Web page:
Using jQuery.Deferred() and RequireJS to Lazy Load Google Maps API

In the world of jQuery or for that matter, any JavaScript library, callbacks are the norm for programming asynchronous tasks. When you have several operations dependent on the completion of some other operation, it is best to handle them as a callback. At a later point when your dependent task completes, all of the registered callbacks will be triggered.

This is a simple and effective model and works great for UI applications. With jQuery.Deferred(), this programming model has been codified with a set of utility methods.

$.Deferred() is the entry point for dealing with deferred operations. It creates a “promise” (a.k.a Deferred object) to trigger all the registered done() or then() callbacks once the Deferred object goes into the resolve() state. This is according to the CommonJS specification for Promises. I am not going to cover all the details of $.Deferred(), since the jQuery docs do a much better job. Instead, I’ll jump right into the main topic of this post.

The soup of AMD, $.Deferred and Google Maps

In one of my recent explorations with web apps, the AMD pattern turned out to be extremely useful. AMD, with the RequireJS library, forces a certain structure on your project and makes building large web apps more digestible. Abstractions like the require/define calls allows building apps that are more composable and extensible. It sure is a great way to think about composable JS apps in contrast to the crude <script> tags.

With these abstractions, it was easier to think of the app as a set of modules. Some modules provide base level services, while others depend on such service-modules. One particular module, which also happens to be the entry point into the app, was heavily dependent on the Google Maps API. Early on, it was decided to never keep the user waiting for the maps to load and allow interaction right from the get go.This meant that they could do some map-related tasks even before the maps API had loaded. Although this felt impossible at the onset, it turned out to be quite easy, all thanks to $.Deferred().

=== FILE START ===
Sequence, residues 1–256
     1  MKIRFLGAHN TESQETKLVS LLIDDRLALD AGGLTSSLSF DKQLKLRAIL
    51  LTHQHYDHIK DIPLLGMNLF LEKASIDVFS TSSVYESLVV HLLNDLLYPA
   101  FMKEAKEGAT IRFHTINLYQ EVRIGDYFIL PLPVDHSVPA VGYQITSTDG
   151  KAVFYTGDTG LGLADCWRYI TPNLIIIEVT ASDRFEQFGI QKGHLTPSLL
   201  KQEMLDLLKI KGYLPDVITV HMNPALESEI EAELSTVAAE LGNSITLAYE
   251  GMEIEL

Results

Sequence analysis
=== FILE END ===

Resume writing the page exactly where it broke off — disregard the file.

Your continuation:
The first step was to wrap the Google Maps API in a GoogleMaps object. This hides away the details about loading the maps while allowing the user to carry on with the map related tasks.

 1function GoogleMaps() {
 5GoogleMaps.prototype.init = function() {
 9GoogleMaps.prototype.createMap = function(container) {
11 = function(searchText) {
15GoogleMaps.prototype.placeMarker = function(options) {

The calls to createMap, search and placeMarker need to be queued up until the maps API has loaded. We start off with a single $.Deferred() object, _mapsLoaded

1_mapsLoaded = $.Deferred()
3function GoogleMaps() {
4	// ...

Then in each of the methods mentioned earlier, we wrap the actual code inside a deferred.done(), like so:

 1function GoogleMaps() {
 2    _mapsLoaded.done(_.bind(function() {
 3        this.init();
 4    }, this));
 7GoogleMaps.prototype.init = function() {
10GoogleMaps.prototype.createMap = function(container) {
11    _mapsLoaded.done(_.bind(function() {
12		// create the maps object
13    }, this));
15 = function(searchText) {
17    _mapsLoaded.done(_.bind(function() {
18		// search address
19    }, this));
22GoogleMaps.prototype.placeMarker = function(options) {
23    _mapsLoaded.done(_.bind(function() {
24		// position marker
25    }, this));

With this, we can continue making calls to each of these methods as if the maps API is already loaded. Each time we make a call, it will be pushed into the deferred queue. At some point, when the maps API is loaded, we need to call a resolve() on the deferred object. This will cause the queue of calls to be flushed and resulting in real work being done.

One aside on the code above is the use of _.bind(function(){}, this)_. This is required because the callback to done() changes the context of this. To keep it pointing to the GoogleMaps instance, we employ _.bind().

1window.gmapsLoaded = function() {
2    delete window.gmapsLoaded;
3    _mapsLoaded.resolve();

The google maps API has an async loading option with a callback name specified in the query parameter for the api URL. When the api loads, it will call this function (in our case: gmapsLoaded). Note that this needs to be a global function, ie. on the window object. A require call (from RequireJS) makes it easy to load this script.

Once the callback is made, we finally call resolve() on our deferred object: _mapsLoaded. This will trigger the enqueued calls and the user starts seeing the results of his searches.


In short, what we have really done is:

  1. Abstract the google maps API with a wrapper object
  2. Create a single $.Deferred() object
  3. Queue up calls on the maps API by wrapping the code inside done()
  4. Use the async loading option of google maps api with a callback
  5. In the maps callback, call resolve() on the deferred object
  6. Make the user happy


In the following demo, you can start searching on an address even before the map loads. Go ahead and try it. I have deliberately put in a 5 second delay on the call to load the maps API, just for a flavor of 3G connectivity!

Don’t forget to browse the code in your Chrome Inspector. You do use Chrome, don’t you? ;-)